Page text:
Planet Gore

On Pork and Tea Parties

A bill to keep the Bush tax cuts in place has, in the words of the Associated Press, become a “Christmas tree,” for every special-interest handout, earmark, and give away imaginable. Sadly, when Congress trims a Christmas tree, its the one time you’d rather have something that looks like Charlie Brown brought it home. 

Though there is plenty in this bill for everyone to hate, as an environmental analyst, the continued subsidies for green pork (i.e., renewable-energy grants, tax credits, payouts, and mandates) are especially egregious. 

The bill is expected to contain about $5 billion in subsidies for corn-based ethanol and continues the tarrifs blocking cheaper, more environmentally friendly ethanol from abroad. Even Al Gore has seen the light on the ethanol boondoggle, but apparently, Congress — even after the last election — has not.

Billions more in direct grants and mandates are being given to solar- and wind-power manufacturers, installers, and energy producers (including a bunch to some of the biggest companies in the world, and companies in China). As I’ve detailed elsewhere, these energy sources are unreliable and expensive and often kill more jobs than they create. 

The question is, where is the Tea Party’s vocal outrage over this bill? The Tea Party movement was supposed to be about shrinking the size and scope of government, getting back to Constitutional principle and forcing the government to live within its means. It was not about keeping taxes low at any cost — or so I thought.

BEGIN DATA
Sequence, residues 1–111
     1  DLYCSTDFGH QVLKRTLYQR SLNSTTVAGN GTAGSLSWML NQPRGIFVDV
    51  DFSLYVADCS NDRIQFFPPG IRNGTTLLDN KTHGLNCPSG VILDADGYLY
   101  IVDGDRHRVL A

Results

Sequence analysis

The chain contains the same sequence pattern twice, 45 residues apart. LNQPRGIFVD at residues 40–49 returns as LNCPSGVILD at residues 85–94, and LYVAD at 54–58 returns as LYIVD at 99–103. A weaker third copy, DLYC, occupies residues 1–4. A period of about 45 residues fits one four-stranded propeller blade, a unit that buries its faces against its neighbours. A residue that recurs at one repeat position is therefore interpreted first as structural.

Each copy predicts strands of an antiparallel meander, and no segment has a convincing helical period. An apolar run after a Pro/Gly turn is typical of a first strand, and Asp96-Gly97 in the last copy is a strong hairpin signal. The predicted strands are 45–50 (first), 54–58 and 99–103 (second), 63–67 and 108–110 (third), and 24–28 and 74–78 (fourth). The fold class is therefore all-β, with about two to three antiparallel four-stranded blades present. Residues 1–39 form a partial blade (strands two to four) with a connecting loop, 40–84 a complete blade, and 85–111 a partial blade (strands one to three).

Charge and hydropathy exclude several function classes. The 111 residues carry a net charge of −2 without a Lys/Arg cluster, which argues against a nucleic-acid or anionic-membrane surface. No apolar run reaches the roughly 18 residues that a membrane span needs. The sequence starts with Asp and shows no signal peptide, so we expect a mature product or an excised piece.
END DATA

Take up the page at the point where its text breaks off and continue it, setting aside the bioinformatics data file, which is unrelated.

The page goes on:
Why is the Tea Party not calling on Republicans to block the tax bill — and the funding bill even if it means temporarily shutting down some government agencies — and start over with the new, more conservative, Congress? The next Congress could write a clean tax bill, without all the add-ons and special-interest provisions — and even back-date the tax cuts. The only problem is generating the will to do so in Congress.  The Tea Party should be able to apply pressure and make it clear that the tax bill as written is unacceptable to them — not because, as liberal Democrats claim, it gives away to much to the rich, but because it continues the same profligate spending, via credit, that brought this country to the economic brink.

H. Sterling Burnett is a senior fellow with the National Center for Policy Analysis, a nonpartisan, nonprofit research and education institute in Dallas, Texas. While he works ...


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